When Cardinal Timothy Dolan was archbishop of Milwaukee from 2002 to 2009, he was either trying to get abusive priests away from children as quickly as possible, attempting to protect the church from a growing sex abuse scandal, or some combination of the two. On Monday, the Roman Catholic Archdiocese of Milwaukee released 6,000 pages of documents as part of a deal reached in federal bankruptcy court with victims of sexual abuse, who are suing the archdiocese for fraud. The documents offer new details on payments Dolan offered to departing pedophile priests, and reveal that Dolan moved nearly $57 million into a cemetery trust to help protect the funds "from any legal claim or liability." What the documents say about how Dolan handled the scandal he inherited is still open to interpretation.
Dolan certainly doesn't come out looking great, but did repeatedly urge the Vatican to defrock priests who sexually abused children, only to be met with years of silence in some instances. The Wall Street Journal reports that in one case, Dolan's bosses wanted to suspend an admitted sex offender for just ten years, but he pushed for him to be defrocked, arguing that if word ever got out, "our credibility would be seriously damaged." The Vatican barred the priest from ministry indefinitely.
Dolan also approved payments of up to $20,000 for some alleged abusers who agreed to leave quietly. Critics call this a payoff, but the church claims the money was necessary to help the priests transition into secular life. Dolan defended the practice again in a blog post on Monday, writing, "like it or not, bishops do have a canon law obligation to provide basic support like health care and room and board for their priests until they have finally moved on."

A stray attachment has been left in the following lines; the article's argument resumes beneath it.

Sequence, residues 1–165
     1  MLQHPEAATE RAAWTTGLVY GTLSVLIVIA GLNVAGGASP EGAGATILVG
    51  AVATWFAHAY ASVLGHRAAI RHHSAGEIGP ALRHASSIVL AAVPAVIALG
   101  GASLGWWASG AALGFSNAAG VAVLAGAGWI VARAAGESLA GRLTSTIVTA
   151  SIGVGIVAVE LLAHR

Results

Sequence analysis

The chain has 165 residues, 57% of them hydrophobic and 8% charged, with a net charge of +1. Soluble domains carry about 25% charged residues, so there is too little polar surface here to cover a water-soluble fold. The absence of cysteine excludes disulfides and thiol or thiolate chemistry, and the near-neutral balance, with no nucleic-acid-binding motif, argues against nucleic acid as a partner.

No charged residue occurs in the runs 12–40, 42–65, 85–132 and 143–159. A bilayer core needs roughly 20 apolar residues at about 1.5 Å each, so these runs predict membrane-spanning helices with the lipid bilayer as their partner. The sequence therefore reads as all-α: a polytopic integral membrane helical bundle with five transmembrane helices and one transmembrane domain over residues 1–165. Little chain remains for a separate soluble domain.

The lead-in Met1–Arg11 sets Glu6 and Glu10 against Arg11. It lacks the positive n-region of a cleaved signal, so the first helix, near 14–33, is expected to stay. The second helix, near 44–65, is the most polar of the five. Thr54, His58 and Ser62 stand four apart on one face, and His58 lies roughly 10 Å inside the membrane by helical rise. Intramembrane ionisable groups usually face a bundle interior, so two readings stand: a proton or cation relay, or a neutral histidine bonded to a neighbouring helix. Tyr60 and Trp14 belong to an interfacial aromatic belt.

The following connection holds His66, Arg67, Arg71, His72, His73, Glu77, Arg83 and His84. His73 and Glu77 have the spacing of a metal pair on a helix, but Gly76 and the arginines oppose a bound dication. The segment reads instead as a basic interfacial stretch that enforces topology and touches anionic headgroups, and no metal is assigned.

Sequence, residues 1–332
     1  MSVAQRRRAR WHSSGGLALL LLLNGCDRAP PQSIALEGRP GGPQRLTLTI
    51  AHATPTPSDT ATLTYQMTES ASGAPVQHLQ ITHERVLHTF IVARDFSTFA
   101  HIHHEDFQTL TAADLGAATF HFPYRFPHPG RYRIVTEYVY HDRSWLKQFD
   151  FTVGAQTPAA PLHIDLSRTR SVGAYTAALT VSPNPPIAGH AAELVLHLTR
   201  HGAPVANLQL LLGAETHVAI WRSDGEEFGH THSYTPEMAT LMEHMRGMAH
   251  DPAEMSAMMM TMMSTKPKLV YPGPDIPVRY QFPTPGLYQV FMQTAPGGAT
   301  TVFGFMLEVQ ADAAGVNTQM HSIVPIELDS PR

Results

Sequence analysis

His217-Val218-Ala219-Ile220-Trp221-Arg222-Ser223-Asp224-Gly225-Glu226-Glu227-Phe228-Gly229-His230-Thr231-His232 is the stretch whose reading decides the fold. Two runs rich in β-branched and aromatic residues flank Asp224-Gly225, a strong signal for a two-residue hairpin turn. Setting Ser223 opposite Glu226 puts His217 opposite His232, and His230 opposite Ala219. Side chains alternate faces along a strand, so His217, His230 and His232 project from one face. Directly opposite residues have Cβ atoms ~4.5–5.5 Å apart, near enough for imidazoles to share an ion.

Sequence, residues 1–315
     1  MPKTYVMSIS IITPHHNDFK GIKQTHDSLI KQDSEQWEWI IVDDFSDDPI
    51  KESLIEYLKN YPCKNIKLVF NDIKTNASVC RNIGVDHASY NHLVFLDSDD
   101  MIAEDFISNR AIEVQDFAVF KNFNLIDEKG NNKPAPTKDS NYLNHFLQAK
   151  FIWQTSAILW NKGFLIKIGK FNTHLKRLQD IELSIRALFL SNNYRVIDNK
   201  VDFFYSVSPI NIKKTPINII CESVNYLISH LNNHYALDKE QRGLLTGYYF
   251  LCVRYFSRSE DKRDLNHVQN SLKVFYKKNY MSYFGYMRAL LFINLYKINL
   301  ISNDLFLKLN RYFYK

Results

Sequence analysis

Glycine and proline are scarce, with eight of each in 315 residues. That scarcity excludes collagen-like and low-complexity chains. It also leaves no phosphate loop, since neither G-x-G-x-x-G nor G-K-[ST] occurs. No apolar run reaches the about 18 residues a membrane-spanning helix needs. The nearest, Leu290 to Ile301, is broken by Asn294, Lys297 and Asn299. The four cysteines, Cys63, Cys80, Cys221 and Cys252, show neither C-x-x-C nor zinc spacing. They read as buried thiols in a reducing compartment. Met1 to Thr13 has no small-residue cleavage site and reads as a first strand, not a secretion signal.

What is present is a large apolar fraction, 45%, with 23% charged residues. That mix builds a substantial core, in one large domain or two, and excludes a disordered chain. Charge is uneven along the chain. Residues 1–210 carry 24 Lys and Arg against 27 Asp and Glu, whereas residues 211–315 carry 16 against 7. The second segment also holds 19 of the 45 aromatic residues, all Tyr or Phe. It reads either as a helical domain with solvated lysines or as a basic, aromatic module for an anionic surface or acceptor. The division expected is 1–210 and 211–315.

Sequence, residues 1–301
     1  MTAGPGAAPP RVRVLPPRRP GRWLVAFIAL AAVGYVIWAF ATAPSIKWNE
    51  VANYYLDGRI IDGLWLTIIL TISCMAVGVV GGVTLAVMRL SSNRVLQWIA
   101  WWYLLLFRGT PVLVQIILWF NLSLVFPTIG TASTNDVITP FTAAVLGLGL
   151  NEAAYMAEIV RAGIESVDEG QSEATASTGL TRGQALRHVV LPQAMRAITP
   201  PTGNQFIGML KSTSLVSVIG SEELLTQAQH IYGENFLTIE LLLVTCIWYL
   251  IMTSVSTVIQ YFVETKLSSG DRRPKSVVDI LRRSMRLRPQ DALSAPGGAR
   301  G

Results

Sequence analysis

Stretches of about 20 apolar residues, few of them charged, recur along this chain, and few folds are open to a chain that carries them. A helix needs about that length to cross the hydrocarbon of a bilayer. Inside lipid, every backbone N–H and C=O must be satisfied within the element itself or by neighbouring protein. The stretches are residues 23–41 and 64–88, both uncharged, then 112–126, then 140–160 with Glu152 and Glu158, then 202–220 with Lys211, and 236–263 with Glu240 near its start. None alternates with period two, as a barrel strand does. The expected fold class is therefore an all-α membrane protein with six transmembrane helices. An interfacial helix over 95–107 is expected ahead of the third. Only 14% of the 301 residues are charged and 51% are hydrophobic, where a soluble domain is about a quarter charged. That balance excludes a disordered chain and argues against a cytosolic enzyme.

The files reveal that when Dolan wrote to the Vatican asking for permission to move millions into the cemetery trust fund, the request was approved in just five weeks. Jeff Anderson, a lawyer representing many of the victims, noted, "These documents show that if they want to move money to protect it from survivors they can act quick as a fox." Dolan countered that establishing a fund for cemetery upkeep was "required by state law and mandated by the archdiocesan finance council."
Dolan said on Monday that he welcomes the trove being made public, as he believes deeply in "the need for transparency and openness." He concluded, "It is my hope that the release of these documents will also help to show how the Catholic Church in the United States has become a leader in dealing with the society-wide scourge of sexual abuse, and help other groups and organizations who are also seeking combat this evil." It seems like that's still quite a way off.